How to identify spreadsheets and databases with protected health information (PII and PHI)

The nice folks from IBM’s developerWorks group asked me to write an intermediate-level set of instructions (with a little code) for how technical teams can identify and find databases and spreadsheets that might contain personally identifiable information (PII) and protected health information (PHI).

The article is now available on IBM’s developerWorks, here’s the abstract:

Identity theft and medical fraud are growing problems. They are so big the U.S. government is spending billions of dollars securing its own computer systems and has written thousands of pages of new regulations that you must follow to help protect your customer and employee data. To comply with new regulations and properly secure data, you will need to find personally identifiable information (PII) and protected health information (PHI) in your databases and documents. Both PHI and PII are conceptually easy to understand but very difficult to track in the thousands of relational data stores, files, and spreadsheets that make up a typical organization’s IT environment. This article describes some methods to automatically identify and inventory PII, PHI, and other sensitive data with databases and spreadsheets using Java™ technology and the Apache Ant build tool.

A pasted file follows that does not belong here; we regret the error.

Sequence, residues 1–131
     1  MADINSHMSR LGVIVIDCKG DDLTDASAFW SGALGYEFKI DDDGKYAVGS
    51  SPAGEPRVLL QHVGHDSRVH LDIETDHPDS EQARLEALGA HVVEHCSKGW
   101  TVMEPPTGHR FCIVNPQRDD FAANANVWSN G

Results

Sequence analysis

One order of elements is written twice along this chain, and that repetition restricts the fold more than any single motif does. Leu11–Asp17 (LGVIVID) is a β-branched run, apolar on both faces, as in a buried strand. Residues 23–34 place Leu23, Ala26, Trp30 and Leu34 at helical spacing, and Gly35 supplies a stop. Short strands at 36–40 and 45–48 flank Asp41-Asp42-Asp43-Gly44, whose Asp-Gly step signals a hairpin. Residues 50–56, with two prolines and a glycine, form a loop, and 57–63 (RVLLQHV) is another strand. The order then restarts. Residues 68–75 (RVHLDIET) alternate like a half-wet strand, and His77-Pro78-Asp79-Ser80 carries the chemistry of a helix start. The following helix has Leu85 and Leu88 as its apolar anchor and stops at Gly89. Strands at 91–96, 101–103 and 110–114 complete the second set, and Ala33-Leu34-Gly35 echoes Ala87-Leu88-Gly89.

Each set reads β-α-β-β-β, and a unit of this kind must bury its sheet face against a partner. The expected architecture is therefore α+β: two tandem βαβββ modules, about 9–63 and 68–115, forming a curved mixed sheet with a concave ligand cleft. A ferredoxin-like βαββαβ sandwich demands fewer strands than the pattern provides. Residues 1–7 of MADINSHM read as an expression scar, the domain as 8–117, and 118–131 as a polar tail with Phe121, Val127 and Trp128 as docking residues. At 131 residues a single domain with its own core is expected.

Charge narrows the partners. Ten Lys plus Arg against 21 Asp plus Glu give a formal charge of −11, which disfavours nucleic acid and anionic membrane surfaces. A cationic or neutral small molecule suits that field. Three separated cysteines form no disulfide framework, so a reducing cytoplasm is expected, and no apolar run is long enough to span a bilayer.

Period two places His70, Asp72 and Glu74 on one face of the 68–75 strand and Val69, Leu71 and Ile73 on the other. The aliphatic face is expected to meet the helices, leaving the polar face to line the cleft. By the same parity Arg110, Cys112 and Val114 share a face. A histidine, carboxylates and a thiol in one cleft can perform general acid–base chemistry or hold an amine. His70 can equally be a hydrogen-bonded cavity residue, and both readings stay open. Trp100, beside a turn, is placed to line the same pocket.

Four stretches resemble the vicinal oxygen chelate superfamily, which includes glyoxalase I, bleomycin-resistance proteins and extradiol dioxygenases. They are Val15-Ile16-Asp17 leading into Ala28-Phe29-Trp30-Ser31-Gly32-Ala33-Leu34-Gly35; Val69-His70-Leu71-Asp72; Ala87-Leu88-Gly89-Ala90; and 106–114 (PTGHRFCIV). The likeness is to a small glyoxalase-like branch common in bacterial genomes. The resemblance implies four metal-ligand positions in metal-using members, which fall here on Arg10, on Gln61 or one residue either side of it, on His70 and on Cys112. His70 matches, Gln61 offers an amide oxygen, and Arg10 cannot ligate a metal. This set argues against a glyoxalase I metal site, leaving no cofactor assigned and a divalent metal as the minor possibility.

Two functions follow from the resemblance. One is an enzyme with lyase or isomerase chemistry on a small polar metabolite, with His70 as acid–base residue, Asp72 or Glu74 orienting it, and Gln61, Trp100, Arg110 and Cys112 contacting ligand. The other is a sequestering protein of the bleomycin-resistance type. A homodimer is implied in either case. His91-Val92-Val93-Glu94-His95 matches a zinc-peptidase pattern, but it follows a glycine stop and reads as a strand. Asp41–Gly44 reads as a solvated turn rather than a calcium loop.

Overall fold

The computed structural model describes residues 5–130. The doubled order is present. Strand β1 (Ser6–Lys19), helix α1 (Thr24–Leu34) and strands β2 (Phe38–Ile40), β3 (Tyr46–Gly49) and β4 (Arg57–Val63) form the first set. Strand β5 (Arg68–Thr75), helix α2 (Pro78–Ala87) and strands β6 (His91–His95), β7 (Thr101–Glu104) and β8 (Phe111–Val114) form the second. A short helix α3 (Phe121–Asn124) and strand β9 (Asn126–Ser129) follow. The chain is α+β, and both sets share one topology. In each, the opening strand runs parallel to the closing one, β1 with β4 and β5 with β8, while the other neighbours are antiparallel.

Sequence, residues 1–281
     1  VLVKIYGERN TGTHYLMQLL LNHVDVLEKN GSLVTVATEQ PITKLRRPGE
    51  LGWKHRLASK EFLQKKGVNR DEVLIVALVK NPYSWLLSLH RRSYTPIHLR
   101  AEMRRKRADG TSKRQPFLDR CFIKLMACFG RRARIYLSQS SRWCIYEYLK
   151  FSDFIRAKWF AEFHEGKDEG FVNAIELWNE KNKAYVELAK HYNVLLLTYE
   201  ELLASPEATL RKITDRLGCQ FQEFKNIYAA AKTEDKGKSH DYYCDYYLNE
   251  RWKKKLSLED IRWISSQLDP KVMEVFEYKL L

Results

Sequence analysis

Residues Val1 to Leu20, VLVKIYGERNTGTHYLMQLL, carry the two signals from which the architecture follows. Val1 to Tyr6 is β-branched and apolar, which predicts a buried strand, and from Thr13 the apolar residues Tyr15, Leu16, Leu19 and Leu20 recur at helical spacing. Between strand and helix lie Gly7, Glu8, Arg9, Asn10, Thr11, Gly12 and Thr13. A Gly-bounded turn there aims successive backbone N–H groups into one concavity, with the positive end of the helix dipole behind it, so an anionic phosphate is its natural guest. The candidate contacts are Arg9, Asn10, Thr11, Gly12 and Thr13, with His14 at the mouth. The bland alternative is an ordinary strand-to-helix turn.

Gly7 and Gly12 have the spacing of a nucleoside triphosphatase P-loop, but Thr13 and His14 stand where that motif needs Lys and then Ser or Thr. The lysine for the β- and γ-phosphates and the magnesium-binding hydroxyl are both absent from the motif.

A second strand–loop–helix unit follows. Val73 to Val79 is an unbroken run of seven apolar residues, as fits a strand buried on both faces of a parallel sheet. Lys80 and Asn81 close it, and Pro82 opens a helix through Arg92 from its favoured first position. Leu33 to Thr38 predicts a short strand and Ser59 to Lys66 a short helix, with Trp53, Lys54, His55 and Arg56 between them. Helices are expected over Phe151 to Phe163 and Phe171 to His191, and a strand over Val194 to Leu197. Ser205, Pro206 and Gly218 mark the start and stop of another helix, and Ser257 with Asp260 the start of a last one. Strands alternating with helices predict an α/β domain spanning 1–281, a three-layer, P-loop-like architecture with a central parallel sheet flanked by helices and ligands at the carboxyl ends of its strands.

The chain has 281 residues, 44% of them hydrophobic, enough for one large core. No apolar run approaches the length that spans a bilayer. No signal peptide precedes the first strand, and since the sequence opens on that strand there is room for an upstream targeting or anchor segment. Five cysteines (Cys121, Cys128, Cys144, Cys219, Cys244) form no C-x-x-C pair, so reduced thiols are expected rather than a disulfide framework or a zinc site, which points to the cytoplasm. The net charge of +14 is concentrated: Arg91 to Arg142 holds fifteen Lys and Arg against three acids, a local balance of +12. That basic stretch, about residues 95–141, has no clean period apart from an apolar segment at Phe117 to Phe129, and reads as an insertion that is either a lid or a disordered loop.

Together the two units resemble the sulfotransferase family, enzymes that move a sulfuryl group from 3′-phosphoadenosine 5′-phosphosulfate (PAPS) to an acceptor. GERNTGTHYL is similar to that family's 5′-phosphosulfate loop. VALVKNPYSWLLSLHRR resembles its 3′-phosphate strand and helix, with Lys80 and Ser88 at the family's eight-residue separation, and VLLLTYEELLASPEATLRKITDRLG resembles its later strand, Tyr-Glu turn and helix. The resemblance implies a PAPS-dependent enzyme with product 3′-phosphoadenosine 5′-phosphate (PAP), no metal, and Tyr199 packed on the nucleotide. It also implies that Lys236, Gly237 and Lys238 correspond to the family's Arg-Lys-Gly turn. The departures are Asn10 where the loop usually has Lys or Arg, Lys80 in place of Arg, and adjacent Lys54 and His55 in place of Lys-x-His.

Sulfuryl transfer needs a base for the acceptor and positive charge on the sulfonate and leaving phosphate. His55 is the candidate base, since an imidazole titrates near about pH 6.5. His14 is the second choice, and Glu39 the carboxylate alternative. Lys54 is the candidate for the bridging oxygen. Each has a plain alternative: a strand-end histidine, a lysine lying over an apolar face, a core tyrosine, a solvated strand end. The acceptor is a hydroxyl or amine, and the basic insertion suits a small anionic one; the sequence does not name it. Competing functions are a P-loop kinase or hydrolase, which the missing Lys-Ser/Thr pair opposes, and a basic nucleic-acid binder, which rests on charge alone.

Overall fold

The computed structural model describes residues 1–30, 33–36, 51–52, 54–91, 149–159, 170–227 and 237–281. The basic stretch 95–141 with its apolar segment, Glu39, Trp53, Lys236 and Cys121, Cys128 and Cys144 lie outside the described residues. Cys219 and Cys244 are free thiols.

Don’t forget that there are open source and commercial scanning tools start with similar functionality but add more features. When you look for third-party tools, consider automated discovery (the tools automatically find databases and record sources with PII/PHI), configurable templates (you add your own rules), broad coverage (all files, databases, and network transfers are covered), content scanning, and auditing.

Please check out my developerWorks article and comment either directly on the IBM site or drop me some notes here about what you think about it.

Author

Shahid N. Shah

Shahid Shah is an internationally recognized enterprise software guru that specializes in digital health with an emphasis on e-health, EHR/EMR, big data, iOT, data interoperability, med device connectivity, and bioinformatics.